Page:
A blog by Rhys Evans, Policy Officer for RSPB Cymru.

On 9th July 2019 Welsh Government published their Sustainable Farming and our Land consultation which puts forward plans for how farmers will be supported in the future. This consultation follows their initial proposals contained within last year’s Brexit and our Land consultation and will run until 30th October 2019.  If you haven’t had a chance to read the consultation yet, here are some of the key points.

  • The Welsh Government are proposing a single scheme to support farmers - the Sustainable Farming Scheme.  This will include 2 support mechanisms
  • Sustainable Farming Payments that reward farmers for delivering environmental public goods (that are not currently awarded by markets) such as water quality, flood mitigation, biodiversity and storing carbon
  • Business Support Measures to support efficiency, productivity and farm profitability through offering advice, training and skills development, as well as capital investment for things like infrastructure, technology and machinery.
  • Entry to the new scheme would be via a Farm Sustainability Review carried out by the farmer and an adviser. The product of the review would be a Farm Sustainability Plan, providing access to the two types of support. 
  • The Sustainable Farming Payment would replace the current Basic Payment Scheme (BPS) and Glastir agri-environment scheme, and provide an annual income to farmers.  
  • Future support should be designed around the principle of sustainability and proposes to pursue an objective of Sustainable Land Management. The framework for new schemes will be the Environment (Wales) Act 2016 and the Wellbeing of Future Generations (Wales) Act 2015.
  • A multi-year transition period from current schemes to the new scheme is proposed - when this period starts, and ends, is yet to be decided due to the Brexit uncertainty.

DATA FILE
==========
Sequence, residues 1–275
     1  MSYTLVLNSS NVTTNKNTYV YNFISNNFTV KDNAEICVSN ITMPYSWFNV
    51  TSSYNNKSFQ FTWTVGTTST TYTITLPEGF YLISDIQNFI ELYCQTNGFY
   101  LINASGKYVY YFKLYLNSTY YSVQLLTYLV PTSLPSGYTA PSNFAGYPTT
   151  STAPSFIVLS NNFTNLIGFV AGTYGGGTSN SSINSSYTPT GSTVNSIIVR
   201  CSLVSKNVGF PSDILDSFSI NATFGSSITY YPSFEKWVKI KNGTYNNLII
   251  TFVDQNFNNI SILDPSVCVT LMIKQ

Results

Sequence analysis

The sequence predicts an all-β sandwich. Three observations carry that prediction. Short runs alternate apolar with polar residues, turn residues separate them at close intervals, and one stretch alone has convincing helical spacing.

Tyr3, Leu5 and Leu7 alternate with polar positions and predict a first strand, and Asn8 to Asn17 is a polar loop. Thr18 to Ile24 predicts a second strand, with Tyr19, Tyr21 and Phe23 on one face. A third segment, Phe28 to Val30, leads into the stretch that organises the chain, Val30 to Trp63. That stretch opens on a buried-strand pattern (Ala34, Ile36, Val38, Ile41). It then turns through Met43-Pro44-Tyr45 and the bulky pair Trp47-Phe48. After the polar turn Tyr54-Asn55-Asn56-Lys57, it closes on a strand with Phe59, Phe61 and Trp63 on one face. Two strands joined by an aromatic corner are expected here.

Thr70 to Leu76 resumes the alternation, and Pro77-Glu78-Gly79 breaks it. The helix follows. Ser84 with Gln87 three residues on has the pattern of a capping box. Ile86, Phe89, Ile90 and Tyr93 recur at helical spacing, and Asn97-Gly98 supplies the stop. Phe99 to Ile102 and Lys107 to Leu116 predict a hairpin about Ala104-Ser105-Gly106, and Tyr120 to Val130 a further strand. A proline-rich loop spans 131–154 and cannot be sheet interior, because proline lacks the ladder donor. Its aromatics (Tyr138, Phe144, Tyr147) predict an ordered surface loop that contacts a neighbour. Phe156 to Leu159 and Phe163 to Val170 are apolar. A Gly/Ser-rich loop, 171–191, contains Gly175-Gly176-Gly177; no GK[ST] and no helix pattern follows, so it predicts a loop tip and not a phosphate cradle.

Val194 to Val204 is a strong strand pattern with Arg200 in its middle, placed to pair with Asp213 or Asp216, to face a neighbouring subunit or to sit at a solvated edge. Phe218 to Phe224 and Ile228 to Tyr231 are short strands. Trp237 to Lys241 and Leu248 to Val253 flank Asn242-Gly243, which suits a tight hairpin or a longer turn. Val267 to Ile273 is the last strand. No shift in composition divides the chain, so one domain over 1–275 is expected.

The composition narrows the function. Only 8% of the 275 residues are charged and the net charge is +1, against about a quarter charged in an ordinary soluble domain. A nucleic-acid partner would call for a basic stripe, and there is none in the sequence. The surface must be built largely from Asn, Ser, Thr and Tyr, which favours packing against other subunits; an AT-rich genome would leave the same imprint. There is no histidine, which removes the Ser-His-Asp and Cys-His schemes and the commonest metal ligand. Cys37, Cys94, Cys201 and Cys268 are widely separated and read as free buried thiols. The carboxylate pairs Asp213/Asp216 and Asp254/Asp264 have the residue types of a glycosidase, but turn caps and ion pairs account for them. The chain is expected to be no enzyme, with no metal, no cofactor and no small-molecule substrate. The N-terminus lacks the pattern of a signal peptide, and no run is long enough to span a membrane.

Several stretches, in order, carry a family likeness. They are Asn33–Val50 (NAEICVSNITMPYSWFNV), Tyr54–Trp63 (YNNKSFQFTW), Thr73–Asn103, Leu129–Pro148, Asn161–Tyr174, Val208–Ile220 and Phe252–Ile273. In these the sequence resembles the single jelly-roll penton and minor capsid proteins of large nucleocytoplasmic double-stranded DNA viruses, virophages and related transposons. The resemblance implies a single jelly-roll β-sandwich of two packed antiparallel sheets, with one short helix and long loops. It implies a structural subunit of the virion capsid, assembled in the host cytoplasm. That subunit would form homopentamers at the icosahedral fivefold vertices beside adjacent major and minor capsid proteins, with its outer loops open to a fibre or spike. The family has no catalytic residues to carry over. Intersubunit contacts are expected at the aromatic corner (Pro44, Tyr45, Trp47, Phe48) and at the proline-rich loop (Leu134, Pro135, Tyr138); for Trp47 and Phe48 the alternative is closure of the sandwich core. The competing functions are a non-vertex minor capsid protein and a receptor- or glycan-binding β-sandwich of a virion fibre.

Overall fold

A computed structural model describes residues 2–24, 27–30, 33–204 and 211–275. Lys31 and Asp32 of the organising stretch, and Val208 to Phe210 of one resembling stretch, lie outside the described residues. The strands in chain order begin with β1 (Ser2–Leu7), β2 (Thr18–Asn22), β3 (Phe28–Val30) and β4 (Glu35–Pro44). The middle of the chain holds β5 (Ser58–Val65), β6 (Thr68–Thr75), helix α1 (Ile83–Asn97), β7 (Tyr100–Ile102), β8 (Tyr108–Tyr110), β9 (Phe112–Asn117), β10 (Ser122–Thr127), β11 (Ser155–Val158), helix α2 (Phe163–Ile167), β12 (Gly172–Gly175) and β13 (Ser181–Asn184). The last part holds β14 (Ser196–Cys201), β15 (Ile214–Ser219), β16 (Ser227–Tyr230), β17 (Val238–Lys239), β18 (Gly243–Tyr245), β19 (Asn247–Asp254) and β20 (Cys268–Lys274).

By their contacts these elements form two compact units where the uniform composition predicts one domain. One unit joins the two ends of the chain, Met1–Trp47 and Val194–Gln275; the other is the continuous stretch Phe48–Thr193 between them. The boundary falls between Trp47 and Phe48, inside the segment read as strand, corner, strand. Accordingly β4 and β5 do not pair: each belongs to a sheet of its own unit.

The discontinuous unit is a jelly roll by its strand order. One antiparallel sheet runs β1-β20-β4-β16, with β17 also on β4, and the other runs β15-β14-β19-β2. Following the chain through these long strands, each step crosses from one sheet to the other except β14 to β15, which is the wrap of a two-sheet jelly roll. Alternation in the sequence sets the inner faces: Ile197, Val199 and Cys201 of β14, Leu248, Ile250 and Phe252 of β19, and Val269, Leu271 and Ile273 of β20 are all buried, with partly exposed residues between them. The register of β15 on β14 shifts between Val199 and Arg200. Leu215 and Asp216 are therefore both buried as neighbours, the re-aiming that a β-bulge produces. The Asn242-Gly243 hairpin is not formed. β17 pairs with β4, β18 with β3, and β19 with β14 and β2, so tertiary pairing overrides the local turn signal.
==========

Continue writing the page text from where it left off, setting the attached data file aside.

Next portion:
• The majority of the budget will likely be for delivering environmental outcomes, as this often brings economic and social outcomes, either directly or indirectly.

 A case for Change

RSPB Cymru are pleased that the Government is committed in creating a forward-thinking and sustainable farming policy that uses tax payers’ money to promote sustainable food production and reward farmers for restoring and maintaining nature.  Unsustainable farming practices driven by poorly conceived farming polices has been one of the main drivers of wildlife declines across the UK.  When we look at nature, and farmland nature in particular, the evidence shows it’s not in great shape. All our soils, apart from woodland, are degrading and many of our rivers and lakes are not meeting good status. Iconic farmland species like curlew have declined by more than 75% in the last 25 years. Natural Resources Wales has clearly stated that none of our ecosystems (our life support) are resilient.  

Farming can help provide the solution  

However, given that over 80% of Wales’ land is farmed - farmers can help provide the solution.  Indeed, many farmers across Wales are doing a great job restoring and enhancing the environment. This includes farmers like the members of the Nature Friendly Farming Network (NFFN) and others who show that food production and environmental management can be combined. Their experience should be used to help the farming sector adapt to change, so that sustainable farming and all the benefits it provides becomes the norm.

Maintain Agricultural Funding

Currently, the majority of the agricultural budget pays farmers based on how much land they own. We believe that this is an ineffective way of distributing public money - it is not linked to food production, efficiency or ambitious environmental and wildlife standards.  With the public purse being squeezed all the time, other sectors such as health, education and transport will be vying for a large slice of public funding.  We believe that a new agricultural policy that rewards farmers for looking after nature and the environment, whilst being supported to grow sustainable and healthy food is the best way of delivering value for taxpayer’s money.  This also provides a case for maintaining the current level of agricultural funding and securing the continuation of public funding within the sector in the long term.  

Working together

There is much to be done to design this new policy and we welcome the plans for a co-design programme to explore collaboratively how new schemes could work on the ground.  We look forward to working with the Welsh Government, farmers and other interested parties later this year to ensure that a new policy works for wildlife, farmers and rural communities.  

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